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Analysis

EU must change – or collapse

Elections and euro scepticism

by Brian Reading in London

Fri 17 Feb 2017

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The European Union and the single currency are coming unstitched. The British referendum vote to leave the EU was the forerunner of what may become a breakdown. Economic and monetary union is in crisis, and time is running out for pretending otherwise. This is especially true of Greece. Creditor governments won’t get their money back. Taxpayers are aware of this. Of €323bn of Greek government debt, only €36bn of is privately held.

Non-European International Monetary Fund directors say Greek debt is on an explosive trajectory. Only some form of debt relief can prevent Athens defaulting. European directors disagree with such proposals. Forgiveness might open the way to back-door fiscal union, a dangerous precedent that the Germans won’t accept.

Meanwhile, tough loan terms inhibit Greek growth, increasing the debt burden. The Greek government under Prime Minister Alexis Tsipras and its creditors may agree on a compromise under which Greek bonds can be included in the European Central Bank’s quantitative easing – but such a deal is likely to be ultimately inadequate.

Pretence is concealing irreconcilable differences. July will be crucial. Greece has committed to repaying official creditors €5bn, plus €2bn to private lenders. It needs the next tranche of bail-out loan funds to do so – new loans to repay the old. Any new deal must relax the unattainable target of a 3.5% primary budget surplus in Greece.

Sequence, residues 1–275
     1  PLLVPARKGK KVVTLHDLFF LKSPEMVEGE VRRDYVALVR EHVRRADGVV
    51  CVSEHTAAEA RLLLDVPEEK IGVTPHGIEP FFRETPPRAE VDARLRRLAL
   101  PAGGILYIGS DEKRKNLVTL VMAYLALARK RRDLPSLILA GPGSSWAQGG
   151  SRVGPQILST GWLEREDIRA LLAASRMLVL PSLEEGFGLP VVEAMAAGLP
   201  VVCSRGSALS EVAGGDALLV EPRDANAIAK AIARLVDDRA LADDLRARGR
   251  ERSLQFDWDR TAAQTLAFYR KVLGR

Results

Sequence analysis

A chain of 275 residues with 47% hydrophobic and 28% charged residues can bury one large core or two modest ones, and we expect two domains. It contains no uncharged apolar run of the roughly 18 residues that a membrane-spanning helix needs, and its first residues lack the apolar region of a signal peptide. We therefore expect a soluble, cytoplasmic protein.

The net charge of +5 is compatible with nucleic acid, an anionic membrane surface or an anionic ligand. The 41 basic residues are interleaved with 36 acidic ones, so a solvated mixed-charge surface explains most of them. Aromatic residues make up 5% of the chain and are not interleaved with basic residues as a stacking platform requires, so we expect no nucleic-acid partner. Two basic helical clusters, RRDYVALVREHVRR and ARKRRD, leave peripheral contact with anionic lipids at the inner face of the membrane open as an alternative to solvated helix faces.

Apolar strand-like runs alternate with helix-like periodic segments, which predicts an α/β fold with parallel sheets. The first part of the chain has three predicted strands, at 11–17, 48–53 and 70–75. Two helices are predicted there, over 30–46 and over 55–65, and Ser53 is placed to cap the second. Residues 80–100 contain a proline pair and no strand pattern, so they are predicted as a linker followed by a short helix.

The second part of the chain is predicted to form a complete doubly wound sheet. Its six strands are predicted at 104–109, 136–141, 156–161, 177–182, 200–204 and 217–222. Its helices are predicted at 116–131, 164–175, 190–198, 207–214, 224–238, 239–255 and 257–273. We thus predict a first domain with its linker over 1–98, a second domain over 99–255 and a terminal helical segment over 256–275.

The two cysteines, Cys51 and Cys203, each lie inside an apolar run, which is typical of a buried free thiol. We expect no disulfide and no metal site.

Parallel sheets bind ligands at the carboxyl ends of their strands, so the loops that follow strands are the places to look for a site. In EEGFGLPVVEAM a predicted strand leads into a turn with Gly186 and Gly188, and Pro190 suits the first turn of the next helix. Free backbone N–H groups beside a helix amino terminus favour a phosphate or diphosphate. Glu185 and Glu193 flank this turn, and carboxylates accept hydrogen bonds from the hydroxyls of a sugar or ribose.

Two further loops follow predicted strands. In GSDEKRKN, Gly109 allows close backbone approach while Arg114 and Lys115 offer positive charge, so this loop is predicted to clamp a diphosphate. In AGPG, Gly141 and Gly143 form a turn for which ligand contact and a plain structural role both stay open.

This comes at a difficult time, with general elections in the Netherlands and France in the next two months. The political centre-ground is expected to persevere, despite significant losses to populist anti-European parties. But expectations are often mistaken. Most Germans want Greece out of the euro. Many other observers want Germany out. It will be hard for Chancellor Angela Merkel to agree to easier terms with Greece and simultaneously win the German federal election in September.

The EU never lived up to its founders’ expectations. The 1957 Treaty of Rome declared their aim was ‘ever closer union among the peoples of Europe’. Nothing in EU law has ever obliged governments to consult the people. The Rome treaty was democratically flawed, leading to greater disunity.

Since then three treaties have fundamentally changed Europe. The 1986 Single European Act impelled the creation of the single market. The 1992 Maastricht treaty committed signatories to EMU with opt-outs for the UK and Denmark. The 2007 Lisbon treaty established a European constitution. There were 54 signatures to these treaties, though only 10 were backed by referendums, some on second asking. The Lisbon treaty included terms on which an EU member could leave, while the Maastricht treaty stated the single currency was irrevocable. Detailing a way out of the euro was, at the time, unthinkable.

The German people have never been properly consulted on Europe. At the time of German unification, Chancellor Helmut Kohl had little choice but to speed up and make firmer the existing vague plan for monetary union as a means of gaining French acquiescence in the re-emergence of a new German nation at the centre of Europe. As part of the bargain, the Europeans agreed to create the ECB in the image of the Bundesbank. This has backfired – a one-size ECB has fit none.

Scepticism about EMU and the EU is the dominant election issue in 2017. Even if the political centre holds, many centrist politicians will espouse the anti-European cause for the sake of accumulating votes. In the UK, 90% of Conservative members of parliament opposed Brexit during the referendum campaign. Of their constituents, 70% voted in favour of leaving the EU. All Conservative MPs, bar one, have subsequently endorsed Brexit by granting Prime Minister Theresa May permission to begin divorce proceedings with the EU.

Whatever the outcomes of Europe’s elections, irreconcilable differences remain. The EU must change, or it will collapse.

Brian Reading was an Economic Adviser to Prime Minister Edward Heath and is a Member of the OMFIF Advisory Board.

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